In The Transparency of Evil, Jean Baudrillard insists that for hospitality to remain hospitality it must give up every attempt to understand the other, every attempt to reduce the other’s foreignness. We exist, he says, “not to be known or recognized,” but “solely to be received and to receive,” and so we must “seek the other’s cruelty, the other’s intelligibility, the other as spectre; constrain the other to foreignnness; violate the other in his foreignness.” The task of hospitality then is not to reduce the other’s foreigness through understanding, but to maintain the other’s foreignness, to receive the other precisely as the entirely foreign, apart from any knowledge.
Yet, I wonder how this hospitality of pure reception might actually appear in the world, since every reception of the other, even the purest reception of the other as entirely and in every way foreign, would immediately become the occasion of a kind of knowledge, however illusory this knowledge might be, and the act of hospitality would come to know despite itself, falling irresistibly into inhospitality.
Baudrillard seems to account for this problem by suggesting that the other’s foreignness must be continually maintained over against any understanding of the other that we might obtain, that we must continually set aside whatever knowledge we have of the other and receive the other only as foreigner, as stranger, as unknown. In this sense, we may certainly relate to the other with respect to our knowledge of the other, must in fact relate to the other in this respect, but this relation is not hospitality as such. Rather, we are hospitable only to the degree that we are able to set aside our knowledge of the other, with all the relations that attend it, and receive the other apart from this understanding, receive the other simply as other, beyond all understanding, knowledge, and relation. Hospitality, then, becomes defined, perhaps, as a relation without relation, as a relational gesture that precedes relation as such, that precedes even the possibility of relation, that appears in advance of relation.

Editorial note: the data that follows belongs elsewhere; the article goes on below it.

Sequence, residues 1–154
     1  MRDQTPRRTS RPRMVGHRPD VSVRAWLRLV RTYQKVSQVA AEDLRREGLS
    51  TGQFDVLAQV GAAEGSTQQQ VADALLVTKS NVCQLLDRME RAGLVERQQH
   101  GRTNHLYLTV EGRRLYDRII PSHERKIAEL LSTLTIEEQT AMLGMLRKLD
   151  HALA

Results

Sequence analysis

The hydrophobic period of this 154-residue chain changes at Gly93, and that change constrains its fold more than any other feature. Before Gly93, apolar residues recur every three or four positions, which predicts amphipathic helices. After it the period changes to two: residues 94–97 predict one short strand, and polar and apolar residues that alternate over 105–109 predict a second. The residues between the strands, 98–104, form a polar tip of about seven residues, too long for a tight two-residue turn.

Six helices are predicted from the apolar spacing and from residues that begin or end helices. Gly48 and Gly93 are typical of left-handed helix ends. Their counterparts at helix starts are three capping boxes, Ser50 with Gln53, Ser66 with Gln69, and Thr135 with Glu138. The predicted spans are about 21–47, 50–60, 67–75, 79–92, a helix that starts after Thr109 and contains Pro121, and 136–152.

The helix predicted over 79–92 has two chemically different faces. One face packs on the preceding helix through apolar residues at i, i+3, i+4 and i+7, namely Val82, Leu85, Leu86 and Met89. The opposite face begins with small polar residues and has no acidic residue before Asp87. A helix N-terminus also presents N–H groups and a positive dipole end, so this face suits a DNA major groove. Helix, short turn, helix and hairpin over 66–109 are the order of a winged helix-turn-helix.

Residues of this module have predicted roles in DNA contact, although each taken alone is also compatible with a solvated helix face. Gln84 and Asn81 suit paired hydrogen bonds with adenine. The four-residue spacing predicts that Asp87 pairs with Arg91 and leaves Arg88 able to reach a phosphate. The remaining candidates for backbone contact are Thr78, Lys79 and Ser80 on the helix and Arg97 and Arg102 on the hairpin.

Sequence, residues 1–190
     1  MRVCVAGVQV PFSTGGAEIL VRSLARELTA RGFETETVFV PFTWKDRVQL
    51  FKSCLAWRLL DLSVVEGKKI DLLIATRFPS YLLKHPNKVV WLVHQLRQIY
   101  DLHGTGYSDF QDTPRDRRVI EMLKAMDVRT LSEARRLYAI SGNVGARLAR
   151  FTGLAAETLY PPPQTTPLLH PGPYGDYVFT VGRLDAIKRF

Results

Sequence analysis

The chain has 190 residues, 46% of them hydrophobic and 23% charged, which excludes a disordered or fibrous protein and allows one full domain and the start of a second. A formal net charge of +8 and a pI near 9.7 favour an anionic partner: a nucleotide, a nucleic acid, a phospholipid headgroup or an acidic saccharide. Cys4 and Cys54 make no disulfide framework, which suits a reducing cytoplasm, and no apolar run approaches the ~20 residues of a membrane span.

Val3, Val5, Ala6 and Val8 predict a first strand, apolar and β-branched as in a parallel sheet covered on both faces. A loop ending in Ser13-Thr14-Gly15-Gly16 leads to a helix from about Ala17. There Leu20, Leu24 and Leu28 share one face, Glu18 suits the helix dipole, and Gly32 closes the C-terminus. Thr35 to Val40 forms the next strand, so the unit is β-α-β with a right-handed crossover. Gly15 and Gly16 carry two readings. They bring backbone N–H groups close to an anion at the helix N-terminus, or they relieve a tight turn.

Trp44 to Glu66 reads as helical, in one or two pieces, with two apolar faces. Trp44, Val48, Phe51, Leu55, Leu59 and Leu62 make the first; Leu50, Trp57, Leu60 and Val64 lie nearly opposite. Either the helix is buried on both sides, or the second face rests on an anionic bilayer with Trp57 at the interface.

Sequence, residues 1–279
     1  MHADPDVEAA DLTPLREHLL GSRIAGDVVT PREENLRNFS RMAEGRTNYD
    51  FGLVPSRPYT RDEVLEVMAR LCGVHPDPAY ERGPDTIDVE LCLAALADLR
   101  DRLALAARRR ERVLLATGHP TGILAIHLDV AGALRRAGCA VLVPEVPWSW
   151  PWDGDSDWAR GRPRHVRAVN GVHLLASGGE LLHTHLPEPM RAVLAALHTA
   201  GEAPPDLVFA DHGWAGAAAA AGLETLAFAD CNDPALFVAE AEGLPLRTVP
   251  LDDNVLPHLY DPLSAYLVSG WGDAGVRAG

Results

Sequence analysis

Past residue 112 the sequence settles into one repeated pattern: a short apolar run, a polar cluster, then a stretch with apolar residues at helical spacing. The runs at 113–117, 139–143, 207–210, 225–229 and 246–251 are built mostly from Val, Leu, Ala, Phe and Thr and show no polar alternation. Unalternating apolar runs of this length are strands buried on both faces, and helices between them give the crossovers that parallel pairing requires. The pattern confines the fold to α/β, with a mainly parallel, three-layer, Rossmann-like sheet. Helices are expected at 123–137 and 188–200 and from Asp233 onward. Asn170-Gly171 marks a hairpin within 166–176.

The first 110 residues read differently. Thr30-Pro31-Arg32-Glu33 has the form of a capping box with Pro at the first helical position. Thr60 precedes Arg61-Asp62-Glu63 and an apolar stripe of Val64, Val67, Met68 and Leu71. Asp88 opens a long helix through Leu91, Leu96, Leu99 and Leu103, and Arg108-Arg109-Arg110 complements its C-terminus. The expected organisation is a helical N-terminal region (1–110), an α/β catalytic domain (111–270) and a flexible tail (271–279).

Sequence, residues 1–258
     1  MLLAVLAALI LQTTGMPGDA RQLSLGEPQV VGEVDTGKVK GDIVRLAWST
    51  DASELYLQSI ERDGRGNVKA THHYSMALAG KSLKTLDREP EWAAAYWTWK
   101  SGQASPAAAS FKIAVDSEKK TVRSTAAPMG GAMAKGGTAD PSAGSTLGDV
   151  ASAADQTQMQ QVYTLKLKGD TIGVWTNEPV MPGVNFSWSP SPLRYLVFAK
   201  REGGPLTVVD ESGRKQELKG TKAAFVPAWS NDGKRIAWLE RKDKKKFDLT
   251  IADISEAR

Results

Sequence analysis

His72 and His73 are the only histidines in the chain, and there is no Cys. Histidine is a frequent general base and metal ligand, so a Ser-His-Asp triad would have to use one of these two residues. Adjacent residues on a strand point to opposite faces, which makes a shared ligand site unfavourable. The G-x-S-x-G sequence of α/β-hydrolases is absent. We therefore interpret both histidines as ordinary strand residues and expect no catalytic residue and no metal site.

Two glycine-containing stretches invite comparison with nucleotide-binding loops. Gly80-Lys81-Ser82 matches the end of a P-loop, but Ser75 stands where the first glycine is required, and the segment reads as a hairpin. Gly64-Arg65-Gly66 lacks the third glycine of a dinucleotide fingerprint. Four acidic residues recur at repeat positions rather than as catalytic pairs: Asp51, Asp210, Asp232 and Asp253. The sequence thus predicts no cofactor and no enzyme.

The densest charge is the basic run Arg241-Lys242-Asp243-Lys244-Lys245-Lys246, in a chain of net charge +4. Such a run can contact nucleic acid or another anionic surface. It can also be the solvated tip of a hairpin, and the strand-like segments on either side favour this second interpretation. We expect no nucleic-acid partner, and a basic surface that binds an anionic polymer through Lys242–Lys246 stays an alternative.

The ethical imperative to hospitality, therefore, in the most practical terms, becomes an imperative for me to recall at all costs the insufficiency of my knowledge to account for the other’s foreignness, and to receive continually the foreignness of the other, the incomprehensibility of the other, despite whatever understanding that I might think I have.